The Importance of 5G – It’s Impacts on Mobile Operations and The Technology Market in Vietnam

May 25th, 2023
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Fintech / Technology

The importance of 5G to the local technology market and how it will change the picture of the technology market in the future?

Vietnam has long stated its plan to provide 5G coverage nationwide by 2030. The ability to offer all citizens highspeed Internet connection at low cost, is a priority of National significance according to the Vietnam authority of Communication.

Nationwide roll-out of 5G coverage will, of course, require a step-by-step approach. Major cities like Hanoi, HCMC and Da Nang have been prioritized to deploy 5G due to their higher need for high-speed services and denser populations. Industrial areas which attract foreign investment, are also prioritized to facilitate the development of smart factories.

Viettel, MobiFone, and VNPT have been trialing 5G services with their users since November 2020. A recent test, jointly conducted by Viettel, Ericsson and Qualcomm at Viettel Innovation Lab, has successfully established 5G data transmission speeds of more than 4.7Gb/s — 40 times faster than 4G, and more than twice as fast as the existing 5G network. Viettel’s test confirms the incredible capacity of 5G ultra-short wave (mmWave) technology the operator is deploying in Vietnam.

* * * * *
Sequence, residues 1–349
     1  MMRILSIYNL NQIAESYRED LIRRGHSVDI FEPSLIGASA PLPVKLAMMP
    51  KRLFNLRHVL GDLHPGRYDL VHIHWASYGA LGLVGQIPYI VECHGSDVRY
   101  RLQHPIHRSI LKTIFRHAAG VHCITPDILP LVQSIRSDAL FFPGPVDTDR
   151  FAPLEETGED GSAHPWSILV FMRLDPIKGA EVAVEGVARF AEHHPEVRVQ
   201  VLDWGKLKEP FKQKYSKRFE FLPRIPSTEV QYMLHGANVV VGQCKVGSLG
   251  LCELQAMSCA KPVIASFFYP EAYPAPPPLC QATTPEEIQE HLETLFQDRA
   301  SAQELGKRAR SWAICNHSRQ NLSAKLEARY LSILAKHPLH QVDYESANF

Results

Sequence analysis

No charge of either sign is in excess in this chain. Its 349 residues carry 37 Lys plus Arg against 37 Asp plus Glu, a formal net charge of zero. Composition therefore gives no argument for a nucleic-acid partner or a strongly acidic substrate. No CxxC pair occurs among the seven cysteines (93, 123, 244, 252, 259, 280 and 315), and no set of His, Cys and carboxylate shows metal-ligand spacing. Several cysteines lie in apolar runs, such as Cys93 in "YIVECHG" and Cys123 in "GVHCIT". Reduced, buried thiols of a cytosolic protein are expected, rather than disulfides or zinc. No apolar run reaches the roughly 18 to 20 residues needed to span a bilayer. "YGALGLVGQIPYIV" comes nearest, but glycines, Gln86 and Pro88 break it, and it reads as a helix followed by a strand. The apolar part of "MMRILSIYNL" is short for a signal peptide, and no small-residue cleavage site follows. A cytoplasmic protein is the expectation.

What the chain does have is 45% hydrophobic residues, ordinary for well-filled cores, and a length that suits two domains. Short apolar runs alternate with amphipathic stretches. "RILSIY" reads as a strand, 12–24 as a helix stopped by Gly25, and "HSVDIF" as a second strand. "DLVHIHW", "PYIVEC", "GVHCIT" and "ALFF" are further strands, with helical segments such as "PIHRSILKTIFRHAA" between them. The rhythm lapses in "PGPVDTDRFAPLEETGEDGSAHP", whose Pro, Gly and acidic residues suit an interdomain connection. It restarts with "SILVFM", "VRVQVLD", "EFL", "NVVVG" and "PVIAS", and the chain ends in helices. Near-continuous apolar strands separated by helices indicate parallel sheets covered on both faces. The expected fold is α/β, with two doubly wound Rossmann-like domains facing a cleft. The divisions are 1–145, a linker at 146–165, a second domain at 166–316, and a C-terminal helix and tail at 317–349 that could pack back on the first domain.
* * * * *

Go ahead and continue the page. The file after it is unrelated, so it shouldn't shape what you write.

The Ministry of Information and Communications (“MoIC”) has been tasked with the initiative of commercializing 5G in Vietnam. By all accounts, mobile operators will price 5G services at rates equivalent to existing 4G services. Users would not be required to change their SIM cards. Vietnam’s digital economy totalled US$14 billion in 2020. The deployment of 5G is expected to boost this figure significantly. Indeed, the contribution of 5G to GDP is forecast to reach 7.34% by 2025. While, perhaps ambitious in terms of the timeline, Vietnam has high hopes for 5G on its medium-term horizon.

Digital transformation, e-commerce 

With a view to accelerating digital transformation, the government has initiated various programs to boost tourism management and promotions, infrastructure investment, digitization of the postal sector, digitization of the logistics sector, and e-commerce, among others.

Telecommunication infrastructure, including mobile and fixed broadband infrastructure, is defined as one pillar of the digital economy. The development of broadband infrastructure enabled the development of all economic sectors. 5G promises to deliver broadband-level speed, wirelessly, to millions of users where they access it most – their phones.

Interest has been noted in the application of 5G technology to agriculture, high-tech industry, including smart factories, and smart cities. The Vietnam Telecommunications Authority plans to deploy 5G, with priority going to industrial parks, high-tech parks, as well as high-density urban centers and central business districts of major cities.   

As Vietnam, along with the rest of the world, transitions toward an increasingly digital economy, data and one’s ability to make use of it, progressively becomes more crucial.